The St. Lawrence String Quartet, Stanford’s Grammy-nominated resident ensemble, has awarded the Aeolus Quartet its 2012 John Lad Prize. Presented in collaboration with Stanford Live and Vancouver's Music on Main series, the award includes invitations from both organizations to perform during the 2013-14 season.
Currently the Graduate Fellowship String Quartet at the University of Maryland, the Aeolus Quartet studied with the St. Lawrence this past summer during the SLSQ’s Chamber Music Seminar at Stanford. The Aeolus was also the 2012 Quartet in Residence with Stanford’s Education Program for Gifted Youth (EPGY). “After this year’s seminar the Aeolus Quartet was unanimously nominated,” says the SLSQ’s violist and co-founder Lesley Robertson. “The award recognizes the Aeolus for their already high level of musicianship and also for the passion, the dedication, and the great generosity of spirit, they have demonstrated en route to becoming true ambassadors of chamber music.”
Now in its second year, the Lad prize is named in honor of the SLSQ’s dear friend John Lad (Stanford ’74), a violist and ardent chamber music lover who passed away in 2007. He was a decades-long practitioner of Tai Chi, a regular lecturer in Philosophy and at the time of his death was teaching Tai Chi in the physical education department at Columbia/Barnard University.
The SLSQ was initially introduced to Lad when they were preparing R. Murray Shafer's String Quartet no. 6 (“Parting the Wild Horses Main”), a composition which combines string quartet with the movements of Tai Chi. He went on to perform and tour with the ensemble across North America and Europe for several seasons, and eventually joined each summer for their Chamber Music Seminar. Lad quickly became a fixture at the seminar playing viola in an assigned group, leading early morning Tai Chi classes in Braun Courtyard, playing a Tai Chi based ball toss game with an eager participant, then reading chamber music late into the night.
“John Lad's passion for playing string quartets was addictive,” says SLSQ co-founder and first violinist Geoff Nuttall. “His devotion to music against all odds and his total lack of ego are both qualities that are crucial to the success of any young string quartet. His spirit lives on strongly in our memory and at the seminar. I wish John could hear and play with the Aeolus. He would be honored to have them win a prize in his name!”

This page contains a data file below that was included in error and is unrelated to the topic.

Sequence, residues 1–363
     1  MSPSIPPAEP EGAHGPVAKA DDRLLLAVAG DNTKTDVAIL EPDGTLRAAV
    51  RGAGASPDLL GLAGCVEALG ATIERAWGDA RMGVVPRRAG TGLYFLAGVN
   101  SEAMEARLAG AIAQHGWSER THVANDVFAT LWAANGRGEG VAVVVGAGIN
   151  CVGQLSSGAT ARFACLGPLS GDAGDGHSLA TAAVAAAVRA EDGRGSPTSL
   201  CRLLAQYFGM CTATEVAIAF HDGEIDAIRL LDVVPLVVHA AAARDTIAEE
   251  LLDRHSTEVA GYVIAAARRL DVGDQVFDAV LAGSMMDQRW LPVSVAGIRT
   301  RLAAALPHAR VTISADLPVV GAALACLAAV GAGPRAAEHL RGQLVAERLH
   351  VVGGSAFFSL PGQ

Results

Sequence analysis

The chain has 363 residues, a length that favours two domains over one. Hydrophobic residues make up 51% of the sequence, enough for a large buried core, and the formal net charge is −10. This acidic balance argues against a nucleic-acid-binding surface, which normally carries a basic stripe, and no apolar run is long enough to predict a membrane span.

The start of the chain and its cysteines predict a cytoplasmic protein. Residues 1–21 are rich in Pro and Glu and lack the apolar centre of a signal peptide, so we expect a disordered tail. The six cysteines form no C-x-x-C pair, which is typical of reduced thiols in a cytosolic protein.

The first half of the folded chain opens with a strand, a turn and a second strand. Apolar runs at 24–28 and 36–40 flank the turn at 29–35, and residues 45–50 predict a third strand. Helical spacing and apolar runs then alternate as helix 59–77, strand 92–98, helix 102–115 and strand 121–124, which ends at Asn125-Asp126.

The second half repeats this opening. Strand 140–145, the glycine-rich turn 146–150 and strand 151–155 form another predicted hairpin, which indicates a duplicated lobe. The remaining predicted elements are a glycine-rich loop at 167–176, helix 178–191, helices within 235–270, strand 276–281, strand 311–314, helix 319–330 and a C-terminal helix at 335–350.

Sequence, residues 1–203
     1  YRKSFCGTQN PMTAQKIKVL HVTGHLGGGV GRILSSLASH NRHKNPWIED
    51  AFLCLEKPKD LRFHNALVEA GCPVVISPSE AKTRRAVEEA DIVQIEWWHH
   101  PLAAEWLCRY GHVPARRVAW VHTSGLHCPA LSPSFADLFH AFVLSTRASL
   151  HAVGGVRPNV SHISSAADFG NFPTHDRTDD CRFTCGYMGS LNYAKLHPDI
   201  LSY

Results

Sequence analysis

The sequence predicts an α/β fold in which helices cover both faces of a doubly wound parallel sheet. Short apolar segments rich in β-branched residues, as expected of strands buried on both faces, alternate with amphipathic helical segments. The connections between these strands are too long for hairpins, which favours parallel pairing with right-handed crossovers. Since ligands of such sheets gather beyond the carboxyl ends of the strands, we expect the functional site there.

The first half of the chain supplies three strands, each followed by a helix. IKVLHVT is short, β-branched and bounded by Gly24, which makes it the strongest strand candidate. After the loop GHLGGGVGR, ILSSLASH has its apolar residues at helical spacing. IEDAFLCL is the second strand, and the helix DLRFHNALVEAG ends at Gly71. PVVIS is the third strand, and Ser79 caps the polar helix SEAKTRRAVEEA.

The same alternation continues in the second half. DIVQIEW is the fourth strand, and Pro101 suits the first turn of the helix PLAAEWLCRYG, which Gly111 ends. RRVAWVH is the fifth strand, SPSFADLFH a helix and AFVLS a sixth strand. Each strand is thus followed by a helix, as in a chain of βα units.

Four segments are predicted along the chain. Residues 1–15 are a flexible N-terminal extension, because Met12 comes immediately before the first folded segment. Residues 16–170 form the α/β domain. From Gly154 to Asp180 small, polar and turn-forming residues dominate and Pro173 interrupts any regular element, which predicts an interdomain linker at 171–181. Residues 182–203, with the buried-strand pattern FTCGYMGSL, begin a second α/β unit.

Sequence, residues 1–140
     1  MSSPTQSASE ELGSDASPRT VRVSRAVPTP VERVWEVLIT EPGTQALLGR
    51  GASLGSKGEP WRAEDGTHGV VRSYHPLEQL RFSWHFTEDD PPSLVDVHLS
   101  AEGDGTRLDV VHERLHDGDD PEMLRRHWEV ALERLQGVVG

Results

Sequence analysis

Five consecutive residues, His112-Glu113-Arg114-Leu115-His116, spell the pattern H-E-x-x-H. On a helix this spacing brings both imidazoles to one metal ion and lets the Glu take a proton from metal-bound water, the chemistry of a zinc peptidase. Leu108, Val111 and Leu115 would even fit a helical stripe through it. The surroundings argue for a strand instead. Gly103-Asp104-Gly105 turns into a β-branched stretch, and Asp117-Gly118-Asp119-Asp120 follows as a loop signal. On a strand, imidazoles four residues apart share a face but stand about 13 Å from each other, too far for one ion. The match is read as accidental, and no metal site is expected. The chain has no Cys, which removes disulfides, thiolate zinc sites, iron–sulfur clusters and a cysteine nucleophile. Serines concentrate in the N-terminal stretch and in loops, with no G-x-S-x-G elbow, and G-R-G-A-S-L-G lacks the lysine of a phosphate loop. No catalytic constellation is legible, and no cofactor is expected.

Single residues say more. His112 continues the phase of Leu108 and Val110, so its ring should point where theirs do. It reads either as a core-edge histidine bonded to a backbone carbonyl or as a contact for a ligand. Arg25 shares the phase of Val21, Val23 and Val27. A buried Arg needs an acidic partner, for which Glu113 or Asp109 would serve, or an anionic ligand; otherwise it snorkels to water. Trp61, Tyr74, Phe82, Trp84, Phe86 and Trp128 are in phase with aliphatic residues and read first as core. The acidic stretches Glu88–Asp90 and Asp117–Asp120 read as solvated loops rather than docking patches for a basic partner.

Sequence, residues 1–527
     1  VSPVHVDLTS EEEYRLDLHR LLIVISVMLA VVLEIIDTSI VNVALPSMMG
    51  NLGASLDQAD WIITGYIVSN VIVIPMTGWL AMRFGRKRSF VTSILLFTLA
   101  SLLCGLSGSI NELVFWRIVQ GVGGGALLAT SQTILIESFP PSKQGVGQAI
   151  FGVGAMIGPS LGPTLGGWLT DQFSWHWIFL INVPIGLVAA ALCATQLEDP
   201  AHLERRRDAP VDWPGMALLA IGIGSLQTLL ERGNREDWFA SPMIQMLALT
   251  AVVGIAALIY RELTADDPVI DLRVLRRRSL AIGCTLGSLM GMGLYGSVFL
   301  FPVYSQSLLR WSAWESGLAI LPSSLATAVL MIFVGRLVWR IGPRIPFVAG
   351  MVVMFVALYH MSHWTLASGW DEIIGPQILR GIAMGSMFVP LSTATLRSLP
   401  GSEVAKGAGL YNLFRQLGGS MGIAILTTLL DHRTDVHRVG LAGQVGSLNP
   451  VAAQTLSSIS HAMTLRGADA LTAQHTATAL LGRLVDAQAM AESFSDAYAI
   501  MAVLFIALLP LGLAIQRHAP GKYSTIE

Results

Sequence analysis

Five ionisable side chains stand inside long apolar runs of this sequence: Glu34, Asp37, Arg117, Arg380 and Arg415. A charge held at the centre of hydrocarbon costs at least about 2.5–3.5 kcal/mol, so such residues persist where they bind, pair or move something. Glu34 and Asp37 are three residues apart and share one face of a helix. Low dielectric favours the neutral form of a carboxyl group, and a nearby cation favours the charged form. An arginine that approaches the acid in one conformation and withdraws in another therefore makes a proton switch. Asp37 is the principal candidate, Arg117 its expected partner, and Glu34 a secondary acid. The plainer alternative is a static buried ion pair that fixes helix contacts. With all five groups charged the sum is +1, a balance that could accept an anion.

THE AEOLUS QUARTET
Praised by Strad Magazine for their “high-octane” performance, the Aeolus Quartet – violinists Nicholas Tavani and Rachel Shapiro, violist Gregory Luce, and cellist Alan Richardson – has been awarded prizes at nearly every major competition in the United States, and performed across the globe to great acclaim. Recently, the Aeolus Quartet was the Young Quartet-in-Residence at the Bravo! Vail Valley Music Festival in Vail, CO. Summer 2010 also included performances at Carnegie Hall's Weill Recital Hall, the Perlman Music Program, the Juilliard String Quartet Seminar, the St. Lawrence String Quartet Seminar and the Sunflower Music Festival. The Quartet has participated in the Aspen Music Festival's Center for Advanced Quartet Studies, the Young Quartet-in-Residence Program at the Pine Mountain Music Festival and the Jeunesses Musicales International Chamber Course in Weikersheim, Germany.
ABOUT STANFORD LIVE & BING CONCERT HALL
Stanford Live is a university organization with an expansive and inclusive approach to creating, presenting, nurturing and celebrating the performing arts. Launching its inaugural season at Bing Concert Hall—with a celebratory weekend beginning on January 11, 2013—Stanford Live is “the new Stanford Lively Arts” and will build on that organization’s legacy of more than four decades of artistic presentation. Performances next season range season from Stanford’s distinguished resident ensemble, the St. Lawrence String Quartet, to other longtime Stanford favorites and a wealth of newcomers representing a wide range of genres, including chamber and symphonic music, jazz and world music. For tickets and information, visit http://live.stanford.edu/.
Robert Cable, Stanford Live